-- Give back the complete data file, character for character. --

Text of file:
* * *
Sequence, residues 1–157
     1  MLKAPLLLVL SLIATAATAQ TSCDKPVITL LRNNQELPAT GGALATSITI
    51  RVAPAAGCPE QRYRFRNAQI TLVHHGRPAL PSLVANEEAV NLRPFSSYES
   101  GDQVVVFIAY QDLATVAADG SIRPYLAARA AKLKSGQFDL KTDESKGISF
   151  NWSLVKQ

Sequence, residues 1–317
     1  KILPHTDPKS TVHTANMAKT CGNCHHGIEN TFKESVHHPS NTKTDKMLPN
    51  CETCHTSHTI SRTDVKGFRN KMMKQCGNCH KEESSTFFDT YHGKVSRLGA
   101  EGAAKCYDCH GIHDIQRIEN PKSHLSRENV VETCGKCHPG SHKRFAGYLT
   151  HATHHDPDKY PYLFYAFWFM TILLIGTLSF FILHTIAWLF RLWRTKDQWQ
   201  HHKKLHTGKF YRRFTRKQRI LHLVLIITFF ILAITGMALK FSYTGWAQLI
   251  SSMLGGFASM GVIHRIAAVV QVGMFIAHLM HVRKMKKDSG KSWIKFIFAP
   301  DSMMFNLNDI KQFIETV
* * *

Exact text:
Sequence, residues 1–157
     1  MLKAPLLLVL SLIATAATAQ TSCDKPVITL LRNNQELPAT GGALATSITI
    51  RVAPAAGCPE QRYRFRNAQI TLVHHGRPAL PSLVANEEAV NLRPFSSYES
   101  GDQVVVFIAY QDLATVAADG SIRPYLAARA AKLKSGQFDL KTDESKGISF
   151  NWSLVKQ

Sequence, residues 1–317
     1  KILPHTDPKS TVHTANMAKT CGNCHHGIEN TFKESVHHPS NTKTDKMLPN
    51  CETCHTSHTI SRTDVKGFRN KMMKQCGNCH KEESSTFFDT YHGKVSRLGA
   101  EGAAKCYDCH GIHDIQRIEN PKSHLSRENV VETCGKCHPG SHKRFAGYLT
   151  HATHHDPDKY PYLFYAFWFM TILLIGTLSF FILHTIAWLF RLWRTKDQWQ
   201  HHKKLHTGKF YRRFTRKQRI LHLVLIITFF ILAITGMALK FSYTGWAQLI
   251  SSMLGGFASM GVIHRIAAVV QVGMFIAHLM HVRKMKKDSG KSWIKFIFAP
   301  DSMMFNLNDI KQFIETV